Am I mad for bringing my baby here I ask? When I booked the tickets It felt too important not to come – I wanted to be able to say to Neru in years to come ‘we were there’, – now I don’t know! I’ll tell you on the 18 December whether it was the right decision or not.
For now I am caught up in the wet, fascinating, confusing and frenzied excitement that is Carbon-hagen. I am here to promote CAT’s groundbreaking project Zero Carbon Britain report. Which shows how we can rapidly decarbonise society to zero carbon by 2030 without nuclear energy! We are presenting the report on 10 and 15 December at the Klimaforum09. I am also here to give workshops with Trapese on popular education and its role in inspiring social change, and to take part in the myriad of events that are taking place due to COP15.
Carbonhagen has the potential to do something different and while it is highly unlikely that any climate deal will come out of it (and that’s probably a good thing), the new voices that the AOSIS (Alliance of Small Island States), Africa group and the ALBA group could make for a very interesting conference …
As COP15 opened, the AOSIS gave an amazing statement – ‘we are here to negotiate our survival and we are not going to compromise on that- because we can’t.’ AOSIS have already threatened to walk out if the climate deal does result in a far-reaching deal, which does not return atmospheric concentrations to below 350 CO2e. During pre-talks held in Barcelona in October, the Africa group walked out and called for negotiations to be suspended until there was substantial advancement on Annex 1 (rich countries) agreeing to a binding national emissions reduction targets.
The G77/China climate group of 130 countries, whose main position is that rich countries should accept their historical responsibility for climate change, gave considerable support for the Africa group. According to some sources, a lot of diplomatic pressure was put on African leaders to back down from their position. Unfortunately reflecting the nature of such conferences with rich countries using back door methods and every available channel to deliver outcomes in line with their interests. Sources expect that this type of behind the scenes lobbying will have a huge impact in Carbonhagen and weaken Africa group resolve. That does not mean that Africa won’t walk out again!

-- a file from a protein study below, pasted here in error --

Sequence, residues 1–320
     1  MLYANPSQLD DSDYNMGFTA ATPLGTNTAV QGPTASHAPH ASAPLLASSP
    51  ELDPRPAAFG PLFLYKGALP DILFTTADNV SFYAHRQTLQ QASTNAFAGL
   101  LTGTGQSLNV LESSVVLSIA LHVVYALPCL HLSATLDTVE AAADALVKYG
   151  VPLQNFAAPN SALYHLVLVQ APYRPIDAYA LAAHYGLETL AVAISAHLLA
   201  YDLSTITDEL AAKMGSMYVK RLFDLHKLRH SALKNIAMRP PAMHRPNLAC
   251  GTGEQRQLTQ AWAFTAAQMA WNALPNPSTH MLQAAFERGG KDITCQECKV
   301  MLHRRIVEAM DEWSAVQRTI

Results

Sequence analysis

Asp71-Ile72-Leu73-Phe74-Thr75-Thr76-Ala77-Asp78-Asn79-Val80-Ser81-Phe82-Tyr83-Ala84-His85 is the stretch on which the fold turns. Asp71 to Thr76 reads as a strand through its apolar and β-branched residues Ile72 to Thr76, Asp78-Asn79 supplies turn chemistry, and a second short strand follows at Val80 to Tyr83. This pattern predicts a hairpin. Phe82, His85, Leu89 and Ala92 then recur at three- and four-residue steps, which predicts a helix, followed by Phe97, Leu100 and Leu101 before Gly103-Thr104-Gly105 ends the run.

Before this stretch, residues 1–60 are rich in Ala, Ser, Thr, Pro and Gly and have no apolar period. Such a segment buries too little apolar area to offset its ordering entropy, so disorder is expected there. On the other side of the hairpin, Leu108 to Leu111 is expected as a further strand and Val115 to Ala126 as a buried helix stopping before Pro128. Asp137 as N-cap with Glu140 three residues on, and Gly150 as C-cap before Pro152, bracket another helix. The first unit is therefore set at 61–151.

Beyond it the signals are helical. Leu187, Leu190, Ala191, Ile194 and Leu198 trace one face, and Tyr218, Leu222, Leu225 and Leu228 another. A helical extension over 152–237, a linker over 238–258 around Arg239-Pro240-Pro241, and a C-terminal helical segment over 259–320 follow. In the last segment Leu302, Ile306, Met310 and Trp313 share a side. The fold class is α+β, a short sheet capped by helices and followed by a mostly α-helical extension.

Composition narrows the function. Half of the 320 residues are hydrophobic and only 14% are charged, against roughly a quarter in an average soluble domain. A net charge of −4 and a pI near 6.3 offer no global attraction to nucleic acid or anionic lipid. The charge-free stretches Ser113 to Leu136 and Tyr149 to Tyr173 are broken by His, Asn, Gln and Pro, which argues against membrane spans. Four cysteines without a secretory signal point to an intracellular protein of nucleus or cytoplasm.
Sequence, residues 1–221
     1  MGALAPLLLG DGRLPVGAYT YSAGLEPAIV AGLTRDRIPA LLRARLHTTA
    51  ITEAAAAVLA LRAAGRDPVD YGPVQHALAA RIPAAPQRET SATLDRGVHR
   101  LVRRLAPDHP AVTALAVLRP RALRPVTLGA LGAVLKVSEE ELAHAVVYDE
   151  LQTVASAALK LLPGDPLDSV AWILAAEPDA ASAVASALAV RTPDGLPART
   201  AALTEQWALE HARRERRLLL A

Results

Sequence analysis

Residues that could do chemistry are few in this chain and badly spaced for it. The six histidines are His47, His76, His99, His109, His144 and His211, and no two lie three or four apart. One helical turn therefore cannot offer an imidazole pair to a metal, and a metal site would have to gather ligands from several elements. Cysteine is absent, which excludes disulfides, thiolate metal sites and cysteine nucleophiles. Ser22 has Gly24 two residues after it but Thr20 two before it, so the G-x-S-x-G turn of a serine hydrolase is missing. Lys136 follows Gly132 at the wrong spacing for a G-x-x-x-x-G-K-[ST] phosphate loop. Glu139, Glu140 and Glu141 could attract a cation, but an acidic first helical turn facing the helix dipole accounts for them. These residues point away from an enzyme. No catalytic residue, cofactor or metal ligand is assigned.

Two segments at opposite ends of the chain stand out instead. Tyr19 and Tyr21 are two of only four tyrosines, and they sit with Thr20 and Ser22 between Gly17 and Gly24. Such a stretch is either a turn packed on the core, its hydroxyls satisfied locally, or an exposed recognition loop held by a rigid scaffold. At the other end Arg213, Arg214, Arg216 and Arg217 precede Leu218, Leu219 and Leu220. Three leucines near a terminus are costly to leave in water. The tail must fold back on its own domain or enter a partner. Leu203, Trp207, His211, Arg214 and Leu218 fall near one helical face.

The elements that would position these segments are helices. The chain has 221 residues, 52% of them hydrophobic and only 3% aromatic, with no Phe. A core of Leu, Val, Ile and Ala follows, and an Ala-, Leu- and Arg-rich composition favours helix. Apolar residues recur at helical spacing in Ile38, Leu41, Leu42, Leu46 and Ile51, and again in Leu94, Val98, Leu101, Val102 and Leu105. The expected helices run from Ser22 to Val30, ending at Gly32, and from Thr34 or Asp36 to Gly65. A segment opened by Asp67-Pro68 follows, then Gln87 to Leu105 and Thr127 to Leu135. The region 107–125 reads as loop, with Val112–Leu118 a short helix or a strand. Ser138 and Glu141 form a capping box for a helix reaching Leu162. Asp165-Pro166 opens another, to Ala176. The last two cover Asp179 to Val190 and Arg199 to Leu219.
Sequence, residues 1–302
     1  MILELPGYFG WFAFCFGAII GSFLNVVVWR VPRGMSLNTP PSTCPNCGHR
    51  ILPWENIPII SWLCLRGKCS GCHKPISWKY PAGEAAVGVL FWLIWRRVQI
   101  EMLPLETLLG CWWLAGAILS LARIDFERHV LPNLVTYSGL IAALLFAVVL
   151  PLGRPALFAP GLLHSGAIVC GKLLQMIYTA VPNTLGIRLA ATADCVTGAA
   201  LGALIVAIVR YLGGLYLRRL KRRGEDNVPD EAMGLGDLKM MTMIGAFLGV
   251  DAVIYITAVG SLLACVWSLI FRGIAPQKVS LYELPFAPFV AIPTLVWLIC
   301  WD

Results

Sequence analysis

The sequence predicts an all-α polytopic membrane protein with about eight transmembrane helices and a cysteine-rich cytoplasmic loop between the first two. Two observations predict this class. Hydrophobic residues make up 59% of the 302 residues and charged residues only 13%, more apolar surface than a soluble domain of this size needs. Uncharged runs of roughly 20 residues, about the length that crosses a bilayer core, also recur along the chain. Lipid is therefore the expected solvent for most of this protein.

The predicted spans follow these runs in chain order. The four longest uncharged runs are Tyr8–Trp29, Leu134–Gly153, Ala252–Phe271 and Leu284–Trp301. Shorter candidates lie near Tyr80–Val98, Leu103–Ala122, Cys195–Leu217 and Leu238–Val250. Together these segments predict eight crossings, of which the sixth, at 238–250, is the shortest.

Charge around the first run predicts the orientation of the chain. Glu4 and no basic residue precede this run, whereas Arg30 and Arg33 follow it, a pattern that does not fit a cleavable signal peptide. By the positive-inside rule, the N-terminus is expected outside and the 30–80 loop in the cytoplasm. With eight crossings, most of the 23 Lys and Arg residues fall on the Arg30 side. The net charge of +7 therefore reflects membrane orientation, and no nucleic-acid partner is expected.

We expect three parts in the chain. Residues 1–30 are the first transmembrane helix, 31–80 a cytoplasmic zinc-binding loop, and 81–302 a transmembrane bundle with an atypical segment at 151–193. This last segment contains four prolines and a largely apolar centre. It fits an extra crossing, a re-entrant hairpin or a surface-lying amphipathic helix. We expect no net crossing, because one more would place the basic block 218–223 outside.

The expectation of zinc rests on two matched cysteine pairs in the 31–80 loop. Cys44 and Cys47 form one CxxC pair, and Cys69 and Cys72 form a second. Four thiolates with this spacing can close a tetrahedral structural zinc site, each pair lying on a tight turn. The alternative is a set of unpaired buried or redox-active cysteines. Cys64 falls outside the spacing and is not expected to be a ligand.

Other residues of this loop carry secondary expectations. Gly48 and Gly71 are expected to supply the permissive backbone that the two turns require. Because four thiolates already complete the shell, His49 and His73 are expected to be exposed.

‘We are prepared to walk out of any negotiations that threaten to be another rape of the continent,’ said Meles Zenawi of Ethiopia.
The ALBA group is a coalition of Latin American and Caribbean countries,
representing 73 million people, have joined forces to call for climate justice and the defence of the rights of the Earth; calling on developed countries to recognise the ‘climate debt’ caused by their historical carbon emissions. Evo Morales, who has just been reelected as the Bolivian president is no stranger to upsetting international meetings of this kind and won’t think twice about walking out.
Cuba’s Fidel Castro also spelt out clearly that Copenhagen will not be just green wash and business as usual, ‘The capitalist system is not only oppressing and plundering our countries; the wealthiest industrial nations wish to impose to the rest of the world the bulk of the burden in the struggle on climate change. Who are they trying to fool with that? In Copenhagen, ALBA and the Third World countries will be struggling for the survival of the species.’
There is huge pressure on the COP to deliver solutions and so far the possible outcomes look something like this:
But it’s looking like no deal would be the best deal in Copenhagen. As Jim Hansen, the world’s pre-eminent climate scientist, said any agreement likely to emerge from the negotiations would be so deeply flawed that it would be better to start again from scratch. ‘I would rather it not happen if people accept that as being the right track because it’s a disaster track,’ said Hansen, who heads the Nasa Goddard Institute for Space Studies in New York.
With the activists gearing up outside and developing countries in no mood for compromise – climate justice is definitely on the agenda this time round.
#229 No Return to ‘Normal’ ● Sir David King blasts the government ● State power, policing and civil rights under Covid-19 ● Hope and determination in grassroots resistance ● Black liberation and Palestine ● The future of ‘live’ ● Pubs, patriotism and precarity ● Latest book reviews ● And much more!
And you choose how much to pay for your subscription...
Alethea Warrington describes how the fossil fuels industry hopes to change its image but not its practice
Phillip O’Sullivan looks at the role of community energy groups in disrupting the energy status quo
Suzanne Dhaliwal, in collaboration with Indigenous Climate Action, explains how the struggle to end Canada’s colonial violence is continuing in the face of fossil fuel extractivism
Jennifer Johnson explores the structural underpinnings – and limitations – of carbon offsetting and related approaches to the climate crisis
The speedy switch in from producing airplane wings to ventilator parts at a north Wales factory holds out an example for a transition to a low-carbon economy, writes Hilary Wainwright
Climate Assembly UK begins this weekend. It's a good start, says Alex Bradbury, but does not meet XR's third demand for a Government-commissioned Citizens’ Assembly